*** TRIGGER WARNING *** This post discusses my experience in a psychiatric hospital, which was not at all pleasant (to put it mildly). If you are at risk of being triggered or upset by this topic, emotive descriptions of my feelings during my stay, and topics such as suicide attempts and self-harm, then please do not read any further.

In September 2017, I was hospitalised following a massive intentional overdose of prescription pills. I don’t really remember the first few days after it, as I was in and out of consciousness and everything felt like I was underwater. I remember being treated roughly by one particular nurse will I was in Resus. She had removed my bra and was telling me to put it back on. When I couldn’t do it myself, she tried to do it for me, roughly pulling me about then eventually giving up, loudly telling me it was six inches too small for me and wouldn’t close (which it wasn’t, because I used to have to wear it on the tightest clasps). This was all very embarrassing but again, I felt like I was underwater, or like I wasn’t really there, so I just sort of lay there, helpless.

After a couple of days, I was moved to the Acute ward. I was seen by the crisis team, who were their usual dismissive selves, and I was still totally out of it, so I just told them that my plan as soon as I got home was to attempt again. They said they would try to find me a bed in a psychiatric hospital. At the time I was scared but also glad, because I knew that I needed help.

It took them another few days to find me a bed, so I stayed in the hospital. I was visited by another set of crisis team workers, who were slightly more friendly, and even took me outside so I could have a cigarette.

When they found me a bed, I was transported by ambulance 30 minutes away to the psychiatric hospital.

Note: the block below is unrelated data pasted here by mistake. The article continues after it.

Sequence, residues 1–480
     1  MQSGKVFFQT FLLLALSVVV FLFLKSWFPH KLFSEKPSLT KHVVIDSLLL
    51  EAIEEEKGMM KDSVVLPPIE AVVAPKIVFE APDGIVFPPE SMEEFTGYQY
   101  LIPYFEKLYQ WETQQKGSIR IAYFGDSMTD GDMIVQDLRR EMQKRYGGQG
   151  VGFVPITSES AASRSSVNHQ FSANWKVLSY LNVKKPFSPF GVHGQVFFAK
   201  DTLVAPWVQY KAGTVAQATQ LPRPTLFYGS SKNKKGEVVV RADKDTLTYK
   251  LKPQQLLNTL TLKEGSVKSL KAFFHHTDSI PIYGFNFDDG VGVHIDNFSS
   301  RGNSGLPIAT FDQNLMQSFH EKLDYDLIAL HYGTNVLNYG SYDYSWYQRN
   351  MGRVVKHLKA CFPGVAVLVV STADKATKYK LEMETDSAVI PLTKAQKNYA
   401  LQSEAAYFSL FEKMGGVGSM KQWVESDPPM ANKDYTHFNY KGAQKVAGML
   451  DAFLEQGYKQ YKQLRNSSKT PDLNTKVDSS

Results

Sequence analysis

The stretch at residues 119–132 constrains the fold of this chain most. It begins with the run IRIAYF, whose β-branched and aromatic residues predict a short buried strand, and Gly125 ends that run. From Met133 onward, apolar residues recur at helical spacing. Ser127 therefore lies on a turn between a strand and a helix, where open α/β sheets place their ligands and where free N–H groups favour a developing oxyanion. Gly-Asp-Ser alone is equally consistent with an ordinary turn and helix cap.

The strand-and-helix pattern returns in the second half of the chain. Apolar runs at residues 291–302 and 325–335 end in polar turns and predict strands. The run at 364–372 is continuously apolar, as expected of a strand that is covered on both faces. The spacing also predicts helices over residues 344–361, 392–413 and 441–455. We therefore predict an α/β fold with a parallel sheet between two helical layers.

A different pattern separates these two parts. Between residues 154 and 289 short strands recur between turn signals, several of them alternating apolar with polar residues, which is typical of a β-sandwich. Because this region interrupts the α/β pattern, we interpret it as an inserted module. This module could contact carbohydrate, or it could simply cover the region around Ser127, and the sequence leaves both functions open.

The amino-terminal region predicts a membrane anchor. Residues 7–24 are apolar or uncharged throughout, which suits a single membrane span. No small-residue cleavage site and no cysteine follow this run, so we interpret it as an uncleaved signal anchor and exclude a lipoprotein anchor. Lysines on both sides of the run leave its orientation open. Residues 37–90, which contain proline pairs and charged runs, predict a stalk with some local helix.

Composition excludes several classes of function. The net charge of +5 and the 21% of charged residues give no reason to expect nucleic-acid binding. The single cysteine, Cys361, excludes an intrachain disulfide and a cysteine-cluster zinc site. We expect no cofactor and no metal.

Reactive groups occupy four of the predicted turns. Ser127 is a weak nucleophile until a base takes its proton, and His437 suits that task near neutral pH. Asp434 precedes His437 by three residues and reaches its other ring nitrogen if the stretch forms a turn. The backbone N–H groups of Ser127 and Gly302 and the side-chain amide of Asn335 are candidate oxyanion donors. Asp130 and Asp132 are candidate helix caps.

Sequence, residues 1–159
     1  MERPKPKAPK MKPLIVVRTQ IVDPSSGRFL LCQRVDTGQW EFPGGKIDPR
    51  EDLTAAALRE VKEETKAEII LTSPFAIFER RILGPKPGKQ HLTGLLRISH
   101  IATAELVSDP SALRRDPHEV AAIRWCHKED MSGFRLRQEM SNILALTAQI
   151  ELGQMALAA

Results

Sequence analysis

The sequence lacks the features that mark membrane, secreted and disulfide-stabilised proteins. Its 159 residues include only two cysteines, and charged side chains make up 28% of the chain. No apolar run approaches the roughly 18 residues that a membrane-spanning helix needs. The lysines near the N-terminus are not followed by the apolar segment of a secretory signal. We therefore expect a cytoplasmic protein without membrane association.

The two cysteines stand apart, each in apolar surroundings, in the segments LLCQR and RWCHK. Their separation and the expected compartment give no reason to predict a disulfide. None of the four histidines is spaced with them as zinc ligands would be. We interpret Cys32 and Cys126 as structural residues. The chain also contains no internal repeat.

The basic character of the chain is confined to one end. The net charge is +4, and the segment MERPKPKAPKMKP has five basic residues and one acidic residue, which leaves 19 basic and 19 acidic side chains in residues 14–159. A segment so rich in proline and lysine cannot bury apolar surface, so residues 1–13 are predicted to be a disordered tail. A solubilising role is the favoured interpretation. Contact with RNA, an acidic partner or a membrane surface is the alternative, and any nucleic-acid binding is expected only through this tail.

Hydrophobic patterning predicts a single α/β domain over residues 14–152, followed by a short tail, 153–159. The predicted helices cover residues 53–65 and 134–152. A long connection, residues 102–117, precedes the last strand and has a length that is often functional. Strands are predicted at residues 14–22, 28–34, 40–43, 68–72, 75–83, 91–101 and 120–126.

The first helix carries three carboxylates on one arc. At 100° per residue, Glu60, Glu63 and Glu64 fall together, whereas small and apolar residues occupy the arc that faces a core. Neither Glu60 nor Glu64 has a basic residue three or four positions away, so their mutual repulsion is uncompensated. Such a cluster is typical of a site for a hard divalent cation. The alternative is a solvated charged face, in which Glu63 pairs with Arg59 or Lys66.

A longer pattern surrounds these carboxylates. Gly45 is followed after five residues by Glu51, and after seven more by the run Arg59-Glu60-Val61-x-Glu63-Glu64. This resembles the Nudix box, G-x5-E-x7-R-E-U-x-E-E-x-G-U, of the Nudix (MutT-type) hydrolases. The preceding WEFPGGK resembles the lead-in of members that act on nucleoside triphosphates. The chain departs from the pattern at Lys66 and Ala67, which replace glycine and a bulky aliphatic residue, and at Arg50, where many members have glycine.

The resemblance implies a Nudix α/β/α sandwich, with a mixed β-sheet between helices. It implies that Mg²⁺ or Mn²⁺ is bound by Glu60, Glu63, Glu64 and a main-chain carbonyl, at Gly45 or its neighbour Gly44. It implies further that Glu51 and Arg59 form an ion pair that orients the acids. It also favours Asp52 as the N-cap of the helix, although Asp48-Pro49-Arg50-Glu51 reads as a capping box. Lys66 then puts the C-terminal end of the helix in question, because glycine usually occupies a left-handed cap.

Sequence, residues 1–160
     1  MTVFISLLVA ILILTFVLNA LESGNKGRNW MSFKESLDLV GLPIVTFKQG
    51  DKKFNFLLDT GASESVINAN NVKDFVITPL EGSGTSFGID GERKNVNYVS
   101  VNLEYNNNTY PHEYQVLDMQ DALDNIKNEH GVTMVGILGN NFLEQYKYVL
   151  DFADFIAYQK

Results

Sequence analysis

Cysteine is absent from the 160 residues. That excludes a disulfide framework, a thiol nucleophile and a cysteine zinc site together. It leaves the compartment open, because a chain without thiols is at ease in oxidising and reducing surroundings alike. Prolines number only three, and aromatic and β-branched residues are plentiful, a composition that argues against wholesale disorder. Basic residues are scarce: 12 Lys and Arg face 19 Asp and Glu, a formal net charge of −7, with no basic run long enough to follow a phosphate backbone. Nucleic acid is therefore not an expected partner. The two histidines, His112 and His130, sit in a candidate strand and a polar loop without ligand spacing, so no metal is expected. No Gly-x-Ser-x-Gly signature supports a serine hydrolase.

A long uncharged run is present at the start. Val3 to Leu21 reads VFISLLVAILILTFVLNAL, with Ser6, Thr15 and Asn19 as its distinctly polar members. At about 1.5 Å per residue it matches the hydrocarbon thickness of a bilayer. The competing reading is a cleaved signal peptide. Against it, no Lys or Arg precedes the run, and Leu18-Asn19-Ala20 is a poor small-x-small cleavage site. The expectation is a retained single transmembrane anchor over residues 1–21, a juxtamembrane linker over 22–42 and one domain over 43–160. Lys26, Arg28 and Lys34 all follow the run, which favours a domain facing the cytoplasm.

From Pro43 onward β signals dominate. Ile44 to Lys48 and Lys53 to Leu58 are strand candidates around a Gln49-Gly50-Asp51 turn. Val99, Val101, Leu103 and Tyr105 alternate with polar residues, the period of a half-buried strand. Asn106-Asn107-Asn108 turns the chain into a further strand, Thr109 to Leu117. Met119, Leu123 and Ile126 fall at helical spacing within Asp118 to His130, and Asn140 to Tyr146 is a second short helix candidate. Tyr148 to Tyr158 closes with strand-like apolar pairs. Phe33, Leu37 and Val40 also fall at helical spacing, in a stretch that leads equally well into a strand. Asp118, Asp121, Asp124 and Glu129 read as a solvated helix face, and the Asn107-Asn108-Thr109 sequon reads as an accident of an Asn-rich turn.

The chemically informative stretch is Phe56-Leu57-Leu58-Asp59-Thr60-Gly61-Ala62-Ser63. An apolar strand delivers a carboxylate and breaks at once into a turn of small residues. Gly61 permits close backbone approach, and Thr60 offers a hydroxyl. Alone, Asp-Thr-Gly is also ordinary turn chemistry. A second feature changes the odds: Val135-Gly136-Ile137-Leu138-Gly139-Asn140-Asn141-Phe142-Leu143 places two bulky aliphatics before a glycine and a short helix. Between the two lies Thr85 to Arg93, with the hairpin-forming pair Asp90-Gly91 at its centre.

The two paramedics handed me over to the nurses, and I felt all eyes on me as the other patients watched me arrive.

Two nurses took me down to what would be my room. They searched my bag and confiscated a number of items, including my phone charger and my belt. They left me with some information sheets to read. They then left me in my room.

I cried. A lot. I was terrified. I texted my parents, asking them to get me out. After a few minutes, they replied saying they had spoken to the staff at the hospital who said I was on a 72-hour hold so I couldn’t leave. I cried some more. I started frantically looking around the room for something sharp with which to self-harm. There was nothing. I got into bed and slept.

I awoke several times in the night to find a staff member shining a torch in my face. Checks.

My first proper day there, I got up feeling exhausted. I hadn’t eaten the previous day, and I was too scared to go into the dining room, so I didn’t eat that day until the evening. During the day, I sat outside and smoked, pretty much constantly. I was approached by an older male patient who tried to steal my lighter. I got it back, but he stared at me with such hatred and then started talking to himself about how he had murdered his dad. I was petrified. I went back inside and shut myself away in my room. More crying.

I decided to have a shower, so I got undressed. Luckily we had showers in our rooms so it wasn’t communal. I had my shower, then went back into my room to get dressed. Someone knocked on the door. I shouted for them not to come in because I wasn’t dressed. The key went into the lock, and a male HCA walked in. I was completely naked. I tried to cover myself with the ridiculously small hand towel they give you, thinking he would apologise and leave, but he didn’t. He stood there, staring at me up and down. I froze. He said something to me. I can’t remember what he said. After a few more agonising seconds of staring, he finally left. I can’t remember what happened after that, I totally dissociated. I felt violated.

I had a meeting with the psychiatrist, and he said I couldn’t leave yet. They wanted to monitor me. He put me back on some meds (I’d been off them for a week following the overdose). He put me back on Venlafaxine (though he only gave me 75mg, when I had been on 225mg) and said I could have access to Lorazepam whenever I felt like I needed it. He also said I could have a sleeping pill at night. All watched closely, of course.

That evening I managed to have something to eat, even though it made me feel sick with anxiety. Straight after dinner, I locked myself away in my room again and slept. More checks ensued; another broken night of sleep.

I was awoken in the morning to take my meds. I spent most of the day smoking. There’s not a lot else to do. They had a gym, but it was always locked and no one used it. I wouldn’t have used it even if it was open. They had someone come in to do “activities”, such as singing along to Adele songs… not exactly the sort of music you need when you’re already feeling depressed as fuck.